Have any more questions or concerns about autism in dogs? Feel free to check out our Frequently Asked Questions section for more details. If in doubt about your dog’s behavior, always ask your vet for advice.

How do you know if your dog is mentally ill?

If you suspect that your dog has a mental illness, the first thing to do is always to go to your vet. Your dog’s symptoms may be the result of a serious physical illness. For example, depression-like symptoms may arise from painful conditions like osteoarthritis, as your dog will be unwilling to play or move like they used to. Problems with aggression might come from specific phobias or even things like skin sensitivities, making your dog defensive when touched.

This does not mean that dogs cannot suffer from mental illness. Indeed, dogs can suffer from anxiety, depression, and even PTSD. Dogs can also suffer from compulsive behavior disorders that appear to mirror OCD in people. Interestingly, certain dog breeds may be more predisposed to these disorders than others. For example, German Shepherds commonly present with compulsive tail-chasing behaviors. Labrador Retrievers commonly exhibit oral compulsions like pica, and Doberman Pinschers are known for flank sucking. Similarly, Spanish Water Dogs and Shetland Sheepdogs commonly suffer from anxiety, according to one study.

Can dogs have autism or ADHD?

While dogs cannot currently be diagnosed with autism by a vet, hyperkinesis is a diagnosis that can be given that may mirror ADHD in humans. Dogs with hyperkinesis may initially present as poorly-trained or aggressive. They might appear easily distracted, impulsive, and seem unable to socialize like other dogs. According to a 1993 study on hyperkinesis in dogs, the disorder might be caused by a dysfunction of the dopaminergic system. Although hyperkinesis appears similar to ADHD in people, we do not know definitively if its mechanism is exactly the same or not. We cannot ask our dogs what they are thinking, so diagnosing mental conditions can be extremely challenging.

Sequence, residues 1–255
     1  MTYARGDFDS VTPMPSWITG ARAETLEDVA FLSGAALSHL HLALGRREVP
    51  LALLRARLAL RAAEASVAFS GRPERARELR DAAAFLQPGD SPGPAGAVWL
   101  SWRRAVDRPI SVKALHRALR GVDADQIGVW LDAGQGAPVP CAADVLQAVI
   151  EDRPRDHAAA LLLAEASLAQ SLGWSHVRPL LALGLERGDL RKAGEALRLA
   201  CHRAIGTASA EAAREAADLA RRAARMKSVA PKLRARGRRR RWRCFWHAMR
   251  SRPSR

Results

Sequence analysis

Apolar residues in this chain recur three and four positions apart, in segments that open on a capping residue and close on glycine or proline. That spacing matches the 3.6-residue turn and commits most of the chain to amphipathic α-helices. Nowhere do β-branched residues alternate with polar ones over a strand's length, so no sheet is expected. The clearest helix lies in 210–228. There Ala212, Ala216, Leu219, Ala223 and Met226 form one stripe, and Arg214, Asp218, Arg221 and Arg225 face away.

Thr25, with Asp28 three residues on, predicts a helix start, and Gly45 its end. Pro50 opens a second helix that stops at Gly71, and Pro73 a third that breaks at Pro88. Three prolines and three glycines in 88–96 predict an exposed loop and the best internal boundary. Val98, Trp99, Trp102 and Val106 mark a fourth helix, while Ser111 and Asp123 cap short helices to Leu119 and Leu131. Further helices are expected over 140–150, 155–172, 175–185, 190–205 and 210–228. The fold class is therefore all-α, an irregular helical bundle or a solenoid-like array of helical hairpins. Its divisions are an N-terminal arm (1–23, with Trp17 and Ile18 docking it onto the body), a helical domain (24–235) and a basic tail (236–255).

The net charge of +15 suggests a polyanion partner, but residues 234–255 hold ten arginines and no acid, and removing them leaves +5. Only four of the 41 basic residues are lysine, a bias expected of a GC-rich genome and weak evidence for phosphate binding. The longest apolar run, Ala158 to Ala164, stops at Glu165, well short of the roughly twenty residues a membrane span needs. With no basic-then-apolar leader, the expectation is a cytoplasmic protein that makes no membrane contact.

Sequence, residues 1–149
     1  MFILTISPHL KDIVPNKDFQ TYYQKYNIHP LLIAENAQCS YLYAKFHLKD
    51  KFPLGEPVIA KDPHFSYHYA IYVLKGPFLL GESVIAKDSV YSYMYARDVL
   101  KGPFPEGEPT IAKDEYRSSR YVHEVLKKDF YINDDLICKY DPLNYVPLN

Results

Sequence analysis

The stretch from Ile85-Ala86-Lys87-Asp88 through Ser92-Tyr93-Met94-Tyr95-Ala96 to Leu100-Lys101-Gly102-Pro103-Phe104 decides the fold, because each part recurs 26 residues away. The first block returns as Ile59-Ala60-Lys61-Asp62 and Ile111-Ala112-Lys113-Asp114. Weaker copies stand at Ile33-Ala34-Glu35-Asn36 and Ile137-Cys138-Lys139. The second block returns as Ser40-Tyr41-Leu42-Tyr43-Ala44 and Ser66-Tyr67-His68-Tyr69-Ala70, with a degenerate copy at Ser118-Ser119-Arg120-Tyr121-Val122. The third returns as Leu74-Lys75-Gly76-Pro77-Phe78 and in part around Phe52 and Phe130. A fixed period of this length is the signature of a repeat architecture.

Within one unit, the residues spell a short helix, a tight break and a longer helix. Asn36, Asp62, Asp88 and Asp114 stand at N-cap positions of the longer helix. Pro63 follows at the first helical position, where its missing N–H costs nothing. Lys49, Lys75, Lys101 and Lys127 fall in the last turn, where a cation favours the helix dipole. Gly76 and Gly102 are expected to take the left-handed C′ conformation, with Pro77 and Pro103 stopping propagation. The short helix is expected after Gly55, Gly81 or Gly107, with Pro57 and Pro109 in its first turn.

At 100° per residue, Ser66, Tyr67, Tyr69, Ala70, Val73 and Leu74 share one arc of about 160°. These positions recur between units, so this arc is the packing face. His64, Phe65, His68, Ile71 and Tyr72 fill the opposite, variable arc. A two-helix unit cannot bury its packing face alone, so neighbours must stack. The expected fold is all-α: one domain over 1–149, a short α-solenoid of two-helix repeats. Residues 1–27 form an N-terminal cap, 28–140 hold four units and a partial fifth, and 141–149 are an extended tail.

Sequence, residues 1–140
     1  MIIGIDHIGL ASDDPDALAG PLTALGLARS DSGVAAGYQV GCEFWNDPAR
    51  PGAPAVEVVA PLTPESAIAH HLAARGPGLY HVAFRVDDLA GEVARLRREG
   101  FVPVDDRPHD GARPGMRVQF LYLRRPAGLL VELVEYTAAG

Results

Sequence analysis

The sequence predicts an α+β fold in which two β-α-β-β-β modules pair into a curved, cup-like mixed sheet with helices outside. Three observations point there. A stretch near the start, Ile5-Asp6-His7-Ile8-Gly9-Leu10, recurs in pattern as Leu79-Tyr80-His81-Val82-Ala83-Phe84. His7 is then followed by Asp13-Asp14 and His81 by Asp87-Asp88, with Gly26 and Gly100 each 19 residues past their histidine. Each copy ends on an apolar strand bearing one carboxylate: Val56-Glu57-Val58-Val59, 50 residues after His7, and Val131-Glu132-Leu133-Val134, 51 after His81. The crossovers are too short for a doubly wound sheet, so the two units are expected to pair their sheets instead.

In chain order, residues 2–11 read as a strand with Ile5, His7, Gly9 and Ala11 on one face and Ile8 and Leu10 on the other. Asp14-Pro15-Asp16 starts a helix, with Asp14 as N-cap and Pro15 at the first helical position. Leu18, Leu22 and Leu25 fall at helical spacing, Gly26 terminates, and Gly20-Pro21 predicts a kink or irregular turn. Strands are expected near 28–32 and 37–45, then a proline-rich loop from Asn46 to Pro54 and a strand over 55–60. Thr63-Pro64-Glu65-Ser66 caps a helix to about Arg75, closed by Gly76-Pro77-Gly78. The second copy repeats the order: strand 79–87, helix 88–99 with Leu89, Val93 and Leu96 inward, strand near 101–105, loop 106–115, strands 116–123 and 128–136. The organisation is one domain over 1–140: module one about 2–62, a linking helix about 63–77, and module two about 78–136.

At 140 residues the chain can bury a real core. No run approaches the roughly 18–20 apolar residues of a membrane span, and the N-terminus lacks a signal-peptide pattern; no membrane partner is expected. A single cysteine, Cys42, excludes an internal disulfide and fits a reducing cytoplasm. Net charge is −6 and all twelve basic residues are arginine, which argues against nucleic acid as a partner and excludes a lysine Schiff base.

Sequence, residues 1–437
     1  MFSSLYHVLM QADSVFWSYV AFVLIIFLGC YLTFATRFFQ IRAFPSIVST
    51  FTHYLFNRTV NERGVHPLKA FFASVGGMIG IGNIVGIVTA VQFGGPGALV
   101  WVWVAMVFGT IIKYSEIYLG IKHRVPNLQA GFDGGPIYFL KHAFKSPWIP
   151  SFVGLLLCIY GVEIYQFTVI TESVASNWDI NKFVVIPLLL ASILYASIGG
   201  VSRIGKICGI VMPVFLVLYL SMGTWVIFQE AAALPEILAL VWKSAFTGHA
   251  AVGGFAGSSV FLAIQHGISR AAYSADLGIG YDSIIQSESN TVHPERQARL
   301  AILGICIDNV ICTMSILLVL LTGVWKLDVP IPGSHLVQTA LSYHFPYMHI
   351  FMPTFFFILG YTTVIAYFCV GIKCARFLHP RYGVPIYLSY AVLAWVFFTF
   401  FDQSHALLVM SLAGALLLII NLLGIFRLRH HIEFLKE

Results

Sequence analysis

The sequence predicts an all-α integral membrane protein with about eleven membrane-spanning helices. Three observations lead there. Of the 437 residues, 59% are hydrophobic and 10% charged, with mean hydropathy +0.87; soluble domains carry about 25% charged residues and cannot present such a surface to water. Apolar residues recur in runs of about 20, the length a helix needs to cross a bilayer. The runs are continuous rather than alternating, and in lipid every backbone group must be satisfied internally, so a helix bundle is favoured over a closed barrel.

How can I help my dog with autism?

Although autism cannot be diagnosed in dogs, your vet might suggest some things to help manage your dog’s symptoms. These include obedience training, not using any form of punishment, and regular exercise. You might benefit from using a head halter or double-ended leash to have more control when walking. It could also help to set a strict routine for your dog, feeding and walking them at set times every day. As always, it’s best to talk to your vet if your dog is showing autism-like behaviors.

What problems can look like autism in dogs?

There are many behavioral disorders or breed-specific behaviors that may lead one to misdiagnose their dog as being autistic. More than likely, a dog with poor social skills simply lacked socialization as a puppy. Without intensive socialization in puppyhood, many dogs grow up to be unsure of themselves when interacting with other dogs. They might misread play cues or be defensive around certain breeds, sizes, or one sex. This can also happen if your dog had a traumatic experience as a puppy with a specific dog.

As well as this, some breeds are simply more aloof than others or may display breed-specific drives that you might be unaware of. For example, Ibizan Hounds can be quite aloof and also have an instinctive drive to chase anything that moves – for someone who is not well-clued up on the breed, this might come off as unusual, or perhaps even autistic or ADHD-like.

Why can’t dogs be diagnosed with autism yet?

In short, there is not enough evidence to show that dogs can be autistic in the same way that people can. There are very few studies on the matter and the few studies that exist also point to other conditions being responsible for autistic-like behaviors in dogs. The other problem is that we cannot ask dogs about their symptoms. If a dog experiences echolalia or autistic burnouts, it will not be apparent to us from an outside perspective. Autism can be difficult to diagnose in people as it is, so distinguishing between autism and several other disorders in dogs is far more difficult. Until more research comes to light, it will be impossible to definitively say if your dog has autism or not.

Until more evidence comes to light to show that dogs can be autistic, it is difficult to say whether dogs can be autistic or not. It is most likely that a dog with autistic traits lacks training, lacks socialization, lacks mental stimulation, or is showing breed-specific behavior that the owner is not aware of. These facts certainly do not discredit anyone whose dog does exhibit symptoms that we might interpret as signs of autism, though. Animal behavior and animal psychology are incredibly complex and nuanced, and there is much left to learn.

One comment on “Autism In Dogs”

  1. Shearon c Smith

    Excellent topic